Decision analysis is a highly effective tool for understanding and explaining litigation prospects and risks. The inherently uncertain nature of litigation is what makes decision analysis so effective - after all, making smart decisions in the face of uncertainty is the core purpose of decision analysis.
When applying decision analysis in practice, the key uncertainties of a given case need to be identified, analyzed and arranged together to produce a clear overall view on prospects.
The process of identifying uncertainties is relatively straightforward where there is a small number of potential outcomes. In these situations, legal teams working on a case will be well equipped to identify each uncertain outcome in precise terms.
Example 1: In a litigation for breach of contract, a key uncertainty will be whether or not the court finds that the defendant committed an actionable breach. Identifying this uncertainty is straightforward because there are only two potential outcomes. Either (1) the court will find a breach, or (2) the court will find no breach.
But other uncertainties are more difficult to identify because they involve ranges of many potential outcomes.
Example 2: If the court finds a breach was committed, a further key uncertainty will be what damages the plaintiff is awarded. Identifying this uncertainty is not straightforward because there is a range of many potential damages awards the court might determine.
The traditional approach for dealing with ranged uncertainties in decision analysis is to identify a small number of indicative outcomes from the range of all potential outcomes. This typically involves identifying "high", "medium" and "low" (or "best"/"base"/"worst") indicative outcomes from the range, and then analyzing overall prospects by reference to those indicative outcomes.
While the high/medium/low approach has been widely used in decision analysis, it isn't without drawbacks:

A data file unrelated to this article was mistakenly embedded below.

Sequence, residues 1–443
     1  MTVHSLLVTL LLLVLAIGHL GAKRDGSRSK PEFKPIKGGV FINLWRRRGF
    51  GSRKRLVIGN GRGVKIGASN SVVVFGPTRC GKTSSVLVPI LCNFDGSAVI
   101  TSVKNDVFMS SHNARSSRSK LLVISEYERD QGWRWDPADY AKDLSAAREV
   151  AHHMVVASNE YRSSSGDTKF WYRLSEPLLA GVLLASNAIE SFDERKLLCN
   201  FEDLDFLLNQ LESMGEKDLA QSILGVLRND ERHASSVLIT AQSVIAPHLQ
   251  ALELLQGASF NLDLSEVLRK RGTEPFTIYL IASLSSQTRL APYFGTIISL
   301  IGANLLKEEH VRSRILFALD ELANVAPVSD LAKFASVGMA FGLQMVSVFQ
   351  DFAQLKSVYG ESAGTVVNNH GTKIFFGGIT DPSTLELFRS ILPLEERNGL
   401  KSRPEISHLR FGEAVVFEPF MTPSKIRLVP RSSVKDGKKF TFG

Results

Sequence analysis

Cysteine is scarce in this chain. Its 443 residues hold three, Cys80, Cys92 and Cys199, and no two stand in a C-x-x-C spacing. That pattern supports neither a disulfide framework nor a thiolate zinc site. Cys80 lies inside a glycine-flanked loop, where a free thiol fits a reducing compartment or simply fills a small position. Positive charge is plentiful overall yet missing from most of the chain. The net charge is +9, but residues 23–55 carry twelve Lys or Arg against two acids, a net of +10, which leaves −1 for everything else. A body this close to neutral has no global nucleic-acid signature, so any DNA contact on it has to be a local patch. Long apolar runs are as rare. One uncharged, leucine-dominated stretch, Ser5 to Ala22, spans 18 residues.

Litigaze's patent-pending scenario analysis feature is designed to solve all the problems of the high/medium/low approach, while providing decision-makers even more useful insights on complex litigation uncertainties.
To see how dramatic an improvement scenario analysis is, compare the following two visual plans which represent exactly the same hypothetical breach of contract litigation.
Using scenario analysis in Litigaze takes a few simple steps:
First, you'll need to add some variables to your plan. These could be financial variables (like a damages award), chance variables (like the chance of establishing breach of contract), or both.
Next, you'll need to add scenarios to your variables to represent different viewpoints on those variables.
Once you've added scenarios to your variables, they'll appear in the scenarios menu, which you can access from the sidebar (TIP: click "M" on your keyboard to toggle the sidebar menu).
In the scenarios menu, you can easily switch variables between different scenarios with a simple click. To change all variables at once, click the scenarios headings.
To see how changing scenarios affects your plan evaluation, simply switch scenarios after running an evaluation.